• However, counter to the influx of feelings of warmth and connectivity developed that evening, Monica was completely fucked over the following day at the airport. Only to arrive during the early hours of the morning, Mon found out that her flight from Nepal to India, and then India to Canada required her to get an Indian visa as her flight back home to Canada was a standby ticket. After dropping her off in Kim Dole Choke to fetch a cab to the airport and anticipating a lonely day at the office, to my surprise, a broad who looked an awful lot like Monica (i.e., Monica) was perched at the desk, madly searching alternative routes that allowed her to transit in their country on a standby flight, without requiring her to get a visa. Fortunately, she managed to find a route that would have her taking a arduous journey at 23:30 that night to Kuala Lumpur, to Hong Kong, to Vancouver, to Toronto, and finally, to Moncton. Bon voyage, Monica; I’ll be seeing you in Spain in August.


  • In addition to the workshops held at the office for newly recruited fieldworkers, I had the pleasure of joining the guys and gals to the British School of Lalitpur, one of the NGO’s donors, who, in addition to their contributions, provides a day of sports and arts for the kiddos. The individuals presently living in the childcare homes were also accompanied by youth who have grown up in and out of the NGO’s facilities. Between the three of them and myself, we were in charge of chaperoning the event; being middle (wo)men to communicate with the staff at the office on how the day was panning out; and sorting out donations between the school and the NGO. Relative to my experience working as a camp counselor, this was by far less stressful, as – growing up in Nepal, a country which is fairly densely-populated in core areas, and therefore, crowded – locating one another was never a bother, and we always managed to find one another if separated.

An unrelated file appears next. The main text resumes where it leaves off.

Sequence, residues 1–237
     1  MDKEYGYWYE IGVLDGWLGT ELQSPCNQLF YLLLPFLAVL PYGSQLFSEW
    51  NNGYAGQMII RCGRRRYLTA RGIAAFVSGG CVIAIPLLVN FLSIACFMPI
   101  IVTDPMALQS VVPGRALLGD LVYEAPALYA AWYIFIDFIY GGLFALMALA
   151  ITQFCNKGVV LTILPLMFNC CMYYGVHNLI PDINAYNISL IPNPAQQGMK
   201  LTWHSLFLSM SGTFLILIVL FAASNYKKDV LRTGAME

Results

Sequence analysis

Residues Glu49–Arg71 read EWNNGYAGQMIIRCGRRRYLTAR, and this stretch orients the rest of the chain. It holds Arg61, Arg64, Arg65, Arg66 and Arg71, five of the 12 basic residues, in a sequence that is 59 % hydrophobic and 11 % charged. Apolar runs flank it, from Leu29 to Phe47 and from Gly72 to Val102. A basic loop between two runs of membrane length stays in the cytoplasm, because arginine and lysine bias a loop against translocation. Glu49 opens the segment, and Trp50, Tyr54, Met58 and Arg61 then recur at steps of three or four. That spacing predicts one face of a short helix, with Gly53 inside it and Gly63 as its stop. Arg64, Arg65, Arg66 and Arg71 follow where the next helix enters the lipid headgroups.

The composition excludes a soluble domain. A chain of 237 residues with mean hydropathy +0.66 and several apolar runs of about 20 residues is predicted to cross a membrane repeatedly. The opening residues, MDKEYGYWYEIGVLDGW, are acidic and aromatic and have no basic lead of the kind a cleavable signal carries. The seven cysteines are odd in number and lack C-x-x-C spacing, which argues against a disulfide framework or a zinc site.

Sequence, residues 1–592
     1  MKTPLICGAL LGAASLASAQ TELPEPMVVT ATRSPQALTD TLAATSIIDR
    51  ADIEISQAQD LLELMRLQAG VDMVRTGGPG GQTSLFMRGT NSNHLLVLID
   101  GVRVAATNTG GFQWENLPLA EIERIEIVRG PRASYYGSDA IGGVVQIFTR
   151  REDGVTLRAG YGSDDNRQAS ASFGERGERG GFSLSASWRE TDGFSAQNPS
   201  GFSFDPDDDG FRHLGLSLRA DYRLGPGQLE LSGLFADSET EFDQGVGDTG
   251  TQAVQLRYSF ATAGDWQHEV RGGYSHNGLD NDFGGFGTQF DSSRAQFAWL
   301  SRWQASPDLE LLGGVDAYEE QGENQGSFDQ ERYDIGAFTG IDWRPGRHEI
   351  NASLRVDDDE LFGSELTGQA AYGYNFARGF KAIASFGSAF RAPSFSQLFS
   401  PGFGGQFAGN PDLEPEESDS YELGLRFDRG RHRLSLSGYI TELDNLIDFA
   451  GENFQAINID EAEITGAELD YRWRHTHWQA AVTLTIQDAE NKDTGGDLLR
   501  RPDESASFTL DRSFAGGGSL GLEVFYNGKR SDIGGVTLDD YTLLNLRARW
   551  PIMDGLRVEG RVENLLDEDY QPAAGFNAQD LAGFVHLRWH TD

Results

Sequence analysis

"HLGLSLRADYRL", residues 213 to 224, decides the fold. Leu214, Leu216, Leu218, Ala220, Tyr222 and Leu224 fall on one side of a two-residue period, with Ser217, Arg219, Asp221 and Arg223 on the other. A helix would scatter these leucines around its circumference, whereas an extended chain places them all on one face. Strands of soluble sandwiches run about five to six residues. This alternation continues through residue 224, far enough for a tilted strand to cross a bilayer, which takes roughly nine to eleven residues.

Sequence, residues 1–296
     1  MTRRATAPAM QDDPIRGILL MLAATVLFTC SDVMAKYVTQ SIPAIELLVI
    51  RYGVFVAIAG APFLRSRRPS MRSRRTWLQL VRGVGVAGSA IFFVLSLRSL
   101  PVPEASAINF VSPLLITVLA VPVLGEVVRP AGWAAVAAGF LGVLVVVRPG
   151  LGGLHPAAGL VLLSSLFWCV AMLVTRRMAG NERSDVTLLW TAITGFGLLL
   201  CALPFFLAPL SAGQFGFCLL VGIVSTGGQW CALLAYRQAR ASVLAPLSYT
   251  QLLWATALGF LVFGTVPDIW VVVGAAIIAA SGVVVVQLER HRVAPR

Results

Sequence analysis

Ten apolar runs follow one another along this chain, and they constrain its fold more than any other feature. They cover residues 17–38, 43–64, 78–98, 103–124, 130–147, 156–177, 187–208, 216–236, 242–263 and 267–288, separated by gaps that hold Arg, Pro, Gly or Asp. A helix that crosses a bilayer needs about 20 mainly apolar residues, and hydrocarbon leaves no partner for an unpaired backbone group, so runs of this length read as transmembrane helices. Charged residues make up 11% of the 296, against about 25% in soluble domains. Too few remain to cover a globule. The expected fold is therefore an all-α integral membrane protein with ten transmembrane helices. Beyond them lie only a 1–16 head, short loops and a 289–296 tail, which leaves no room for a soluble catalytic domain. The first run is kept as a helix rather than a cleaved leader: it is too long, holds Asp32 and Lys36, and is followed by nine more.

• As Darren’s birthday was actually this week, some folks at the office, the kidlets and I coordinated a surprise fiesta for him at the boys’ home. After tricking him into thinking that Shyam Brother needed help moving furniture at the boys’ hau5, we all piled up into the main gathering room, which to Darren’s avail, was a celebration of his day of birth, rather than spending the day lifting heavy objects. We celebrated in style with bottles of Fanta and Sprite, and packets of assorted biscuits.